Touring musician, composer, and producer Jess Grommet explains how the right podcast music can drive your podcast’s narrative.
When he isn’t hard at work in the studio or riffing onstage, Nashville-based musician Jess Grommet lends his talents to another gig: composing music for podcasts.
After years of composing podcast music, Grommet finds that the songs you choose can not only engage listeners but draw them in. More importantly, podcast scoring amplifies the story you’re telling.
“You’re trying to support the story and guide the listener a little bit to the way we want them or hope for them to feel,” Grommet said.
In this episode of Brandcasting, we sat down with Grommet to find out why music is such an integral part of podcasting and how he helps Relationary’s clients find the right sound for their shows.
Supporting the story
Though your favorite podcasts’ music may fly under the radar, chances are that it has been carefully selected or composed to strengthen the story you’re hearing.
“It’s kind of like when you think of your favorite movie soundtracks and TV soundtracks. Any music that’s made for media – it’s all kind of the same philosophy,” Grommet explained. “At the end of the day you’re trying to elevate and support whatever is happening on screen — or in our case on audio, the narration or interview.”
Your podcast music shouldn’t be viewed as simply background noise. When integrated well, music can structure the listener’s experience of your story. It can create an atmosphere, smooth a transition or trigger an emotional response.
Certain sounds can guide listeners through a story or interview. For example, a minor chord may provoke a spooky or sad atmosphere, while the sound of a ukulele can transport listeners to the beachside.
“We’ve all grown up hearing so many movie soundtracks and TV soundtracks that we’ve just kind of been conditioned to think that there’s certain cues that direct us to certain emotions,” he said.
It’s important to have an understanding of what feeling you want to convey with your music. For branded podcasts, Grommet says it’s often wise to focus on sending subtle messages through your music.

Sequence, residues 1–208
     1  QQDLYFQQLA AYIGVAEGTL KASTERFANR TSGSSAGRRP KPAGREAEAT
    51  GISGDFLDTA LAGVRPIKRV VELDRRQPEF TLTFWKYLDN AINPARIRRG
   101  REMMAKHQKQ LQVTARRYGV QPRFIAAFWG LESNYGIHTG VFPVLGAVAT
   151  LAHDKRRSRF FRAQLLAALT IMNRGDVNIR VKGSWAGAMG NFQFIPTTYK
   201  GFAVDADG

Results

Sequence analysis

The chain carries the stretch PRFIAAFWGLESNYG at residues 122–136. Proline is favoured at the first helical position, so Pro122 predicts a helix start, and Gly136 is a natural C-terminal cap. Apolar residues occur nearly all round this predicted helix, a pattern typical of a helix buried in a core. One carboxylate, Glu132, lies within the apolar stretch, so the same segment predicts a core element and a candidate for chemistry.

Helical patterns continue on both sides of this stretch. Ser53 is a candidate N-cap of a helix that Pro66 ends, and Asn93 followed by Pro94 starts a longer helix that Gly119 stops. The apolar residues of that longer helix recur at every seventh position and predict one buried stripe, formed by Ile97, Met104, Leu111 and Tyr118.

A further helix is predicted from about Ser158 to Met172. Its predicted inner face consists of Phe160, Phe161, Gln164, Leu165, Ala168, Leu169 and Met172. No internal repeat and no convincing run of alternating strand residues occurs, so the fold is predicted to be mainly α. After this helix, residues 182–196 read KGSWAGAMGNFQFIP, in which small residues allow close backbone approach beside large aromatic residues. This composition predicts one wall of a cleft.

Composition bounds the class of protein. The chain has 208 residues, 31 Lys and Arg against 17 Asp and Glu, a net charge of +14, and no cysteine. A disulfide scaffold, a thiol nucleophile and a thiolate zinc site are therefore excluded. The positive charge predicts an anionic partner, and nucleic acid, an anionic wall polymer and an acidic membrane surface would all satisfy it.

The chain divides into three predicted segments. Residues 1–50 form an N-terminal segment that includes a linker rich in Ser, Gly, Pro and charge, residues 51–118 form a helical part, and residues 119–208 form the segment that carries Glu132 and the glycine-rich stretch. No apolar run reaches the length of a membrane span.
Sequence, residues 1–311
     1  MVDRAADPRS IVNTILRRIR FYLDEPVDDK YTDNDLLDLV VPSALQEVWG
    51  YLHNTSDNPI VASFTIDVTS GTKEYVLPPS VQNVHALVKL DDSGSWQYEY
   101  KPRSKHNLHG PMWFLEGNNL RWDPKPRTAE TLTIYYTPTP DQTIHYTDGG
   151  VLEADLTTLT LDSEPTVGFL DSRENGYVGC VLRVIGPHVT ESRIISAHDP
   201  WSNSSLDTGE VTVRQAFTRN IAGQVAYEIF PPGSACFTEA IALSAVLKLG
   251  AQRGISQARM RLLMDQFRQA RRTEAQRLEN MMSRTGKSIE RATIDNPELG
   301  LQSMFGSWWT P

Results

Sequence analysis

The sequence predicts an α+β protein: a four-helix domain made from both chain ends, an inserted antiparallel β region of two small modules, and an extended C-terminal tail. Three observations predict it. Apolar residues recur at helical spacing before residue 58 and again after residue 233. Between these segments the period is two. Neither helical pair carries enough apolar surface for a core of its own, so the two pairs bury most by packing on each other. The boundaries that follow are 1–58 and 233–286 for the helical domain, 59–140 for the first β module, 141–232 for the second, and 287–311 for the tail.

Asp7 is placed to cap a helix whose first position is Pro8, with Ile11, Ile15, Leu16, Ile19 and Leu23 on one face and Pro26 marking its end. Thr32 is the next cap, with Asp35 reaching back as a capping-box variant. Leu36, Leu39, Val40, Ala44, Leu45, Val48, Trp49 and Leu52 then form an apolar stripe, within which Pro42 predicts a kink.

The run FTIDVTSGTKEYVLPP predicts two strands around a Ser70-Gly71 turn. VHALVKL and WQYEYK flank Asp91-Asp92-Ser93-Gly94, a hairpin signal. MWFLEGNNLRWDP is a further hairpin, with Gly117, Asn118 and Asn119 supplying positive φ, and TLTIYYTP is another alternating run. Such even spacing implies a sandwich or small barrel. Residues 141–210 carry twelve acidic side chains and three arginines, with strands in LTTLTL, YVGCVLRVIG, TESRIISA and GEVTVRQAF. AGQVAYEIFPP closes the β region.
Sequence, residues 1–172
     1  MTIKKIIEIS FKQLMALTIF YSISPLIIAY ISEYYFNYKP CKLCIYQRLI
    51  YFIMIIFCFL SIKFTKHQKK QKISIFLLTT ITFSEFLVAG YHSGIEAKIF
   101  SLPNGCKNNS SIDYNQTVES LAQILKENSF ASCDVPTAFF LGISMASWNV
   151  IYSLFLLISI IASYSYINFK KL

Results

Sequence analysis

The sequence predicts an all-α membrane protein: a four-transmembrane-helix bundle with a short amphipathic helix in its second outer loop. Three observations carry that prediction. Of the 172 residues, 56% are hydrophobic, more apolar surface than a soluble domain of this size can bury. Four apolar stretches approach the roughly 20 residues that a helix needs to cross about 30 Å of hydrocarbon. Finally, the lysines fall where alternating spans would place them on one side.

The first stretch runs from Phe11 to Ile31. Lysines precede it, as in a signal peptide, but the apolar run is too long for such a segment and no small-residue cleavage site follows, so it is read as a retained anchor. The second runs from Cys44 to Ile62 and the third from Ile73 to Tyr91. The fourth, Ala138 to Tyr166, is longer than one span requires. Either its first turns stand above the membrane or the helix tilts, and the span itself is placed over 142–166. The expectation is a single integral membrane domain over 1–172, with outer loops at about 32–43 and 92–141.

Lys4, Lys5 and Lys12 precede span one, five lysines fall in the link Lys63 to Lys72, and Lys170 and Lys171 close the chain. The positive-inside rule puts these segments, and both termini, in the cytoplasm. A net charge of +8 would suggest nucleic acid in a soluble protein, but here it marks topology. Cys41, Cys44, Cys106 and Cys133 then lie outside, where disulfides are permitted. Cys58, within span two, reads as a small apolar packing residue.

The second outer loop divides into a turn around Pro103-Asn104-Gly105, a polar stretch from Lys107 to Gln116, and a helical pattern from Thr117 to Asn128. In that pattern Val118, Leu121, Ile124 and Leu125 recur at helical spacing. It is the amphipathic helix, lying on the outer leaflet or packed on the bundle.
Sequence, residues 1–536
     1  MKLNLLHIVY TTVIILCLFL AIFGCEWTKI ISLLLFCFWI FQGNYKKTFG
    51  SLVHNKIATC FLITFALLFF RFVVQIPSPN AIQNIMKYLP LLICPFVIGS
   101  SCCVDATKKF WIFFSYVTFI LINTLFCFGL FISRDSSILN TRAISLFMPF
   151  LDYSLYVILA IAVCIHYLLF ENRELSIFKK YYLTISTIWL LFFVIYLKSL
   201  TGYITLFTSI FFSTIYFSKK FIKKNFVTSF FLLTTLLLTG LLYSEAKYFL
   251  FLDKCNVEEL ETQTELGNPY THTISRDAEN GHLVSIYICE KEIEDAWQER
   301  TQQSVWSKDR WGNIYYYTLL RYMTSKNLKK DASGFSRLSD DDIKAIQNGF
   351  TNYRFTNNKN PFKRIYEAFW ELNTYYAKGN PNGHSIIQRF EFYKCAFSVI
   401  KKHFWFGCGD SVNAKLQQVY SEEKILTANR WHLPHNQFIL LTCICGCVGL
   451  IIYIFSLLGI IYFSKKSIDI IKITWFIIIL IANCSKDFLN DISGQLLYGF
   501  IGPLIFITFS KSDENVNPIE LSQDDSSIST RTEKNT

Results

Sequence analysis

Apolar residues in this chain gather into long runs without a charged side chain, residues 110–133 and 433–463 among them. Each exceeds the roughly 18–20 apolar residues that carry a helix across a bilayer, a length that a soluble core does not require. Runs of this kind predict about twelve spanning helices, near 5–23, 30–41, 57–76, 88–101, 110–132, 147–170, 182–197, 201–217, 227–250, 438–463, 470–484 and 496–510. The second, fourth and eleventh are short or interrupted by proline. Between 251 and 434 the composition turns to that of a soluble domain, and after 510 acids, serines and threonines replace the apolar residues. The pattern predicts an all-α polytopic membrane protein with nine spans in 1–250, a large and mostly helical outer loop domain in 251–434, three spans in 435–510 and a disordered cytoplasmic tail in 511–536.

“It needs to be fresh and intriguing and professional. It’s not quite as emotional — we’re not trying to make people cry,” Grommet explained. “The way that I think of it is as a harmony that rather than being gut-punching and heart-wrenching, it’s easy on the ears.”
Finding your groove
Podcasters can curate their show’s music to fit their distinct style. With all the different musical styles, genres and rhythms to choose from, you can find a sound that is unique to your brand.
“The way I describe the process of composition is a lot like cooking,” Grommet said. “If you want something to taste spicy, you can put paprika in there—any number of things. And music’s totally the same way.”
This flexibility in music means you have a wealth of options to choose from. Grommet says the best way to start is by creating a list of adjectives that you think reflects the style of your brand.
“I like when clients give us one adjective and then a qualifier,” Grommet commented. “So ‘energetic but not sassy’. Or something that’s ‘bouncy, but not too playful.’”
When choosing your sound, it’s also important to remember to keep the narrative front and center. The podcast music should complement the story, not drown it out.
“I’ll start with a rhythmic groove with podcast music because, even a lot of the podcasts that I listened to in reference, the music that they have is something that’s not too harmonically and melodically distracting,” said Grommet. “You don’t want to be singing along with it.”
Luckily, you don’t have to start from scratch, Grommet pointed out. There are plenty of resources out there for those looking for inspiration and discover what kind of music might fit your podcast.
“There’s a company in town called That Sound… they’re a really, really great drum sample library,” he said. “I use their drum sounds for just about everything, and I find that their loops are really inspiring to start things with.”
Custom composed music vs. royalty free
Podcasters can choose one of two paths for their episode scoring: original music, created by composers like Grommet, or royalty free music available to buy online.
Grommet recommends weighing the pros and cons of each path before picking your sound.
“Royalty free is probably a little less expensive and there’s so much music out there that you will probably find something you’re looking for,” he said. “But that’s also the con. It’s going to take a while to find exactly what you’re looking for.”
Even if you do find a sound you really love on a royalty-free music site, Grommet advises to make sure it fits your podcast’s narrative. You want to shape your music to meet your message – not the other way around.
“That’s sort of the pro of having custom-composed music for podcasts: people like me are able to shape the music around what’s already there. Kind of like scoring a film.”
With custom podcast music, you’re able to have control over key creative decisions. Your music won’t run the risk of overwhelming the story you’re telling.
“It’s not going to be inherently distracting or the focal point. I feel like a lot of the royalty free music tends to be musically distracting because the creators are creating it stand alone. They’re not creating it with the narration in mind.”
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